Gold prices are biased higher as Asian demand converges with the Wests
According to some metrics China lost its crown as the worlds No. 1 gold consumer to India a couple of years ago, but get ready for the tables to turn once more, says the China Gold Association.
Why? Because Chinas demand is increasing while production in the worlds top gold-mining nation is dropping. Looking back at 2015, the association found that Chinas gold-mining output fell for the first time in its history even as consumption rose.
Just over 450 metric tons of gold were produced last year, down 0.4% from 2014. Like other miners across the globe, the lower gold prices of recent years have curbed output as companies have been forced to cut costs to survive.
Meanwhile, consumption increased by 3.7% to almost 986 tons in a turning point of renewed interest. Thats below the associations official record of 1,176.4 tons set in 2013, but the trend is reversing positively.
Growth trend to resume: Affected by falling gold prices, Chinese gold output in 2015 saw negative growth for the first time, but China remained the worlds biggest gold-producing country for the ninth year in succession, the association said.
It can be predicted that in the future, Chinese gold consumption will resume its growth trend and China will maintain its position as the worlds No. 1 gold consuming nation, it affirmed.
Jewelry demand rose 2.1%, while consumption of bars increased by 4.8%, but the real winner was in the bullion-coin sector, which saw a 78% leap higher.
Asia accounts for half of demand: Assessing the recent revival in gold, Reuters columnist Clyde Russell sounded cautiously optimistic in a recent analysis titled Bulls may win gold tug-of-war in China, India.
Western gold investing has picked up this year as the global stock market has tanked, and thats a good sign for the metals near-term prospects. However, Asia remains key.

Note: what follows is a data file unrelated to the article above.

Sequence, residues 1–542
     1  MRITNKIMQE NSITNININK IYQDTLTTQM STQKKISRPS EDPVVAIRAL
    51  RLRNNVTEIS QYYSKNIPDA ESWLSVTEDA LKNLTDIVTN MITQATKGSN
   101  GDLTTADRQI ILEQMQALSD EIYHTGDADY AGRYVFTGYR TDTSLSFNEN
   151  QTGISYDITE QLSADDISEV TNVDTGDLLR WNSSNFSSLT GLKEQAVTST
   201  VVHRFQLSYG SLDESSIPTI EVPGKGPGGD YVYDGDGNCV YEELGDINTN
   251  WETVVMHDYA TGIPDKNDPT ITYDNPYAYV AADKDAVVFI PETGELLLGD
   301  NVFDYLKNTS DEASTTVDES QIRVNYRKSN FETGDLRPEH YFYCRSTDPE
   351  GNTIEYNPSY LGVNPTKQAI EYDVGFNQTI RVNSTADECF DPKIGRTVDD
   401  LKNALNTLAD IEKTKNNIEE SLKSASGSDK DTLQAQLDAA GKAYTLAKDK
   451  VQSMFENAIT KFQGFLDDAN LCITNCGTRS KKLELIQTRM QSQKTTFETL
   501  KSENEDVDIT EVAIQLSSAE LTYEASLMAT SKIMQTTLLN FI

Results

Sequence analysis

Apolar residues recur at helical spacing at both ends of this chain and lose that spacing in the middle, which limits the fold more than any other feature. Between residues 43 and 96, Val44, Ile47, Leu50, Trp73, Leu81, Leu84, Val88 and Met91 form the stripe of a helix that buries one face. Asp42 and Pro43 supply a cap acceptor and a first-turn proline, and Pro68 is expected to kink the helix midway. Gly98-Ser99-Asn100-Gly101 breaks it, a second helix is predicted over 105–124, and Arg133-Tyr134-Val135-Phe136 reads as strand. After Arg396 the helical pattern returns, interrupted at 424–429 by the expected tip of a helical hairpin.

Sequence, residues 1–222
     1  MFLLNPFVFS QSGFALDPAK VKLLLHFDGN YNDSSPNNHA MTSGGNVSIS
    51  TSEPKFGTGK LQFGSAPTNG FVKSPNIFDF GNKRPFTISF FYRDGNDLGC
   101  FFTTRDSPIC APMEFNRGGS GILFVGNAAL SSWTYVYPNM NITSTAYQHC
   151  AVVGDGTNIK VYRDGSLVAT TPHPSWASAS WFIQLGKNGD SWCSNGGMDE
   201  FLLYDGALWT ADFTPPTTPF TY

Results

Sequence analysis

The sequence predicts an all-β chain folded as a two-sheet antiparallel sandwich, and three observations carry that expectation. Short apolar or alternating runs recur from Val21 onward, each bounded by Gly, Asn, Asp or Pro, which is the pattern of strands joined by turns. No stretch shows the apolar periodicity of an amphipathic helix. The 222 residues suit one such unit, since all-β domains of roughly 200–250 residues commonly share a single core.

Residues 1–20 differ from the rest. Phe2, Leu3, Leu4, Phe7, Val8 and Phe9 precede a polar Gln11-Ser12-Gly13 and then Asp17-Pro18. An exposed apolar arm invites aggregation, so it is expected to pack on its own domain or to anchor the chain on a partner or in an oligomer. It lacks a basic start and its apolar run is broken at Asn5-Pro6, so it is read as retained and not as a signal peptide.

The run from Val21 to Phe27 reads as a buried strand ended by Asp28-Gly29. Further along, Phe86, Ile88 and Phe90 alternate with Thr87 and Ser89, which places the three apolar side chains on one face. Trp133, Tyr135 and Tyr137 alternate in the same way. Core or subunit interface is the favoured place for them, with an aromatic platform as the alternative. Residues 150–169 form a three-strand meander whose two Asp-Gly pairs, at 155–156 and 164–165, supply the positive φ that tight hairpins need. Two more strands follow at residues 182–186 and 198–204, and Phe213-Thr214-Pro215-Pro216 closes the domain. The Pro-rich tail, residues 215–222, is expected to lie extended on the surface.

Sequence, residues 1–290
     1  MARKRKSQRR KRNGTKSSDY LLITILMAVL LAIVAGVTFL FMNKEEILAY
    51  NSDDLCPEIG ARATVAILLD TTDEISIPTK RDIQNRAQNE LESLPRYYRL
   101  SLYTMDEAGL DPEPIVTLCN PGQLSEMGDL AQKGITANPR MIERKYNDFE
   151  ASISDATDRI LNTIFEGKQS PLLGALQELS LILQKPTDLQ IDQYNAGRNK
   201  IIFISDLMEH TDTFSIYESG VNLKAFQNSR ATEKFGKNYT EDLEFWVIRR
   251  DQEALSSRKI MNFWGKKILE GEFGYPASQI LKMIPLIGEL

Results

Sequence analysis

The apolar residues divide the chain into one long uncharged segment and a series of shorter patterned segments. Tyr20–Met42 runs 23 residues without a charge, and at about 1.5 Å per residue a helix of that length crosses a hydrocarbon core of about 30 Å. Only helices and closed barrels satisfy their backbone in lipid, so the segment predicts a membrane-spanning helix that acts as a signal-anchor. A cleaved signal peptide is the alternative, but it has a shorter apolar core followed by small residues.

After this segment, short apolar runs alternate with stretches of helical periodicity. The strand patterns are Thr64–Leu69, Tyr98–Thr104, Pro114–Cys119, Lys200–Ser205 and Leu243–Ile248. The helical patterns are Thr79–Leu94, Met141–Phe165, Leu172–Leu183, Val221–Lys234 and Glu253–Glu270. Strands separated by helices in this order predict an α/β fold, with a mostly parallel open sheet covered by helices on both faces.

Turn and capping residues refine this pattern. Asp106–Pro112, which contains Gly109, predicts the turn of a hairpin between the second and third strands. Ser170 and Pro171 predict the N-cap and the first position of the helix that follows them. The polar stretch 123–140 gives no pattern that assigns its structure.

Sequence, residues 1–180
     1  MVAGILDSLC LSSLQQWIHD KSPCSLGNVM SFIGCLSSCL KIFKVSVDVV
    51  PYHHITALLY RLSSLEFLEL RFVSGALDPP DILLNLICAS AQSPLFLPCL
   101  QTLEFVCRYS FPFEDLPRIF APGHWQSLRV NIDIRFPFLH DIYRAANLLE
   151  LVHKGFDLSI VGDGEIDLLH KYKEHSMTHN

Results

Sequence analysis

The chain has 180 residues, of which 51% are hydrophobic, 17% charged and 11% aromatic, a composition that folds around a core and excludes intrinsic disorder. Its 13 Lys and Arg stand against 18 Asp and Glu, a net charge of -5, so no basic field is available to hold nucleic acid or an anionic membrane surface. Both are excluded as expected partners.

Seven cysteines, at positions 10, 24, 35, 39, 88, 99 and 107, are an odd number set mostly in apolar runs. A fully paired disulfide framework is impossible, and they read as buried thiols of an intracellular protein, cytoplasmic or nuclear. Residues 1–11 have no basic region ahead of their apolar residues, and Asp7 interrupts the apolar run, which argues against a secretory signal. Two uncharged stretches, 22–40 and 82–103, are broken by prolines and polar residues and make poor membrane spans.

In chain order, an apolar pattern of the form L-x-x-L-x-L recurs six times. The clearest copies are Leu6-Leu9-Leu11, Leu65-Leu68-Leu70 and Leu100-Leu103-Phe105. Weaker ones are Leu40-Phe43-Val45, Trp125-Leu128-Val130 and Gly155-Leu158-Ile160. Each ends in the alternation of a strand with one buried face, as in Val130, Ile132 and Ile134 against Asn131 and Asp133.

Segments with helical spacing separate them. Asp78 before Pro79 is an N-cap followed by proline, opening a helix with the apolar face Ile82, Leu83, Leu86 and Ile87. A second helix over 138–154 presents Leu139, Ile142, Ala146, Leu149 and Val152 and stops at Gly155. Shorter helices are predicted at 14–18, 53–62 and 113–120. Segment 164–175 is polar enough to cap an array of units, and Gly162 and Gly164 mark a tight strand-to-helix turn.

For any rally to be sustained, much will depend on the reaction of consumers in the two Asian giants, India and China, the worlds biggest gold buyers that together account for almost half of physical demand, he wrote.
So far, so good, Russell conjectured. The depreciating yuan and plunging stock market have driven many Chinese investors back into gold.
Little doubt India will buy: Meanwhile, in India, government attempts to curb demand in order to rein in the nations current-account deficit are backfiring.
Will Indias gold imports grow strongly in 2016, matching the 10% growth achieved in 2015? Russell asked. Theres little doubt the demand is likely to be there.
Russell concluded: Overall, the picture that emerges from the worlds top two consumers is that the risks for 2016 are toward higher gold demand, but be wary of poor economic outcomes in China and the chance of more stringent policies in India.
This means Asian physical demand may well be pulling in the same direction as Western investment demand in 2016, adding to the case that gold prices are biased higher.
This great convergence between Western and Eastern investors is precisely the spark thats needed to send gold back to its all-time nominal highs around $1,900 and the potentially higher.